Tschigerl came into the WHL as the #4 pick in 2018 and really struggled to find a role for himself. In the 2019-20 season if you watched Tschigerl you’d see a powerful skating, physical LW who played a 200ft game who flashed skill but really didn’t find a way to translate his skill into meaningful production or transition ability.

After a slow start this year: Tschigerl began to put it all together and took off. He was one of the highest involved players in offensive zone transitions that I tracked. He put a ton of pucks into dangerous areas with his passes. He was relentless in his scoring efforts and was rewarded with 13 goals in 21 games. Combine that with the 200ft game that he put together for himself last year and he has started to really round out into a complete player. There are still things to improve on. He can be a bit of a “man-without-a-plan” when he gains the zone and find himself not manipulating the defense but rather running into trouble and trying to bail himself out with a low danger shot or an errant pass to a high-danger area. He has bobbled more than his fair share of pucks.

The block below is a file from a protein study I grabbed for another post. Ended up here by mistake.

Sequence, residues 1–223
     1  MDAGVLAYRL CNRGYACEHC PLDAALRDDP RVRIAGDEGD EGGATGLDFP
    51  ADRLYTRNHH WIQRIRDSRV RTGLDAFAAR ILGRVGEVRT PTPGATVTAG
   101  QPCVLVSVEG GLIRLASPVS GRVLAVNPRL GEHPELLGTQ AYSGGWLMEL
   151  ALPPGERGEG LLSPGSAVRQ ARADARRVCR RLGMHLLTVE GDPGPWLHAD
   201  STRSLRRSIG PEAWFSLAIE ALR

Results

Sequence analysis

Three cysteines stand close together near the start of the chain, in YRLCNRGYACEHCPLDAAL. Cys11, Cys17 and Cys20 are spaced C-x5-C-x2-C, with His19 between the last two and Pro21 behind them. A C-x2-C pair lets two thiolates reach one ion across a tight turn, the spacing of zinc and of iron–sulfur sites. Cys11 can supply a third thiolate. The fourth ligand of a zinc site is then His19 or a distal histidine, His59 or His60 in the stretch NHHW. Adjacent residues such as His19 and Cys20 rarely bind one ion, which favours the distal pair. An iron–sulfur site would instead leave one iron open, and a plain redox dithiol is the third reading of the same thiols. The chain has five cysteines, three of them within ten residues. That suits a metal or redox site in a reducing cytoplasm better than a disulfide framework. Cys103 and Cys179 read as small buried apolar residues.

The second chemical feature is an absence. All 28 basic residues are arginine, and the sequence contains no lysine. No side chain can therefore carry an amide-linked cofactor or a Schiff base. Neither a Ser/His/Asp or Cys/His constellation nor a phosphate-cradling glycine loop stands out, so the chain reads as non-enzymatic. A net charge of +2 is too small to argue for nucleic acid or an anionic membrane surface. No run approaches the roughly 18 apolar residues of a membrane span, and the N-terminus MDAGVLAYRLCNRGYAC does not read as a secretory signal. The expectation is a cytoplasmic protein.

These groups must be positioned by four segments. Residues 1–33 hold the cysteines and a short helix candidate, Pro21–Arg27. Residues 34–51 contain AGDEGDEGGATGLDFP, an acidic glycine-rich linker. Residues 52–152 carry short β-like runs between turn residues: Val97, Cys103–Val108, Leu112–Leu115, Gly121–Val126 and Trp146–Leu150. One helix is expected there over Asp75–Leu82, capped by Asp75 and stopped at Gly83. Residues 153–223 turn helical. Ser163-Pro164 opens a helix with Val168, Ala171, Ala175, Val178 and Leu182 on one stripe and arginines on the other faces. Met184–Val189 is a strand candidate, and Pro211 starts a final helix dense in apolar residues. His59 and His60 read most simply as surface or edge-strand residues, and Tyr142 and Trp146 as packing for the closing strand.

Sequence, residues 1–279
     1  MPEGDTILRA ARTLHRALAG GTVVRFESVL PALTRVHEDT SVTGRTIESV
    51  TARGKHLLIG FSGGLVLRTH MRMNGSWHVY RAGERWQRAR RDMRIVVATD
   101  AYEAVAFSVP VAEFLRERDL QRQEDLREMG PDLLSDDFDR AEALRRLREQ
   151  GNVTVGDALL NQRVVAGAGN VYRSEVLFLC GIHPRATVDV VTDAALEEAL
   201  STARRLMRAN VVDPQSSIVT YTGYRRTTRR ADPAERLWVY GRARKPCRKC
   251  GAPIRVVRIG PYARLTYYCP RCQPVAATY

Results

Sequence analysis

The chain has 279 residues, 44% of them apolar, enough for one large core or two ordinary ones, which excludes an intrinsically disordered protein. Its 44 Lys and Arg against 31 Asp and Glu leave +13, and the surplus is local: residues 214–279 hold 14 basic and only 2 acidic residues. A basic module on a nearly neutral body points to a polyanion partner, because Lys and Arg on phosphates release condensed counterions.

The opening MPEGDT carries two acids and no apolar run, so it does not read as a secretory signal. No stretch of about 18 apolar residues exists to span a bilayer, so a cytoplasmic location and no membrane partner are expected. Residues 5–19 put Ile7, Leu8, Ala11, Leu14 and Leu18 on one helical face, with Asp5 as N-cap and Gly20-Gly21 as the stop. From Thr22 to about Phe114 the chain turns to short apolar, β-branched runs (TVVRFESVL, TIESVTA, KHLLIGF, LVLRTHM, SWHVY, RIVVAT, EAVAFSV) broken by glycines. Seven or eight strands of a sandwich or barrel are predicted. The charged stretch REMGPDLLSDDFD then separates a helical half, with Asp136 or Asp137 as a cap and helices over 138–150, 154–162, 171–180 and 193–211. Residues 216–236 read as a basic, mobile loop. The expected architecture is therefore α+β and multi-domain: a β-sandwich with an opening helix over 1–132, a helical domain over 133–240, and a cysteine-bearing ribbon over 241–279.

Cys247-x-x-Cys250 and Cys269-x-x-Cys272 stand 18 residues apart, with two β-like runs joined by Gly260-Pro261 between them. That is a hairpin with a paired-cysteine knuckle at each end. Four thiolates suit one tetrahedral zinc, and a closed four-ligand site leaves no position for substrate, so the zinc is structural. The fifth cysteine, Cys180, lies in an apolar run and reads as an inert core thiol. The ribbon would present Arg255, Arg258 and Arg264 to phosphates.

Alas, one of the biggest growth areas for me this year as I dig into prospect hockey is to look more at development and what a player can be as opposed to just what they are at the moment. Jack Han talks about it in his four aspects of scouting. Ryan Hardy tweeted about it after the 2020 draft. When I look at Tschigerl I’m not drafting him for the player he is right now, but rather looking at the development curve, seeing his pedigree really coming into form, and knowing there are tools that he possesses that he’s still scratching the surface with (his skill+pace, shooting ability, connecting more on his dangerous pass attempts).

As a potential 3rd-4th round pick it’s a pretty low-risk gamble regardless, but he’s a player that I’d be shocked if he didn’t severely outperform his current draft stock.

37.) Ryder Korczak, C, WHL (9/23/02)

5’10, 159 lbs

11gp, 3g, 13pts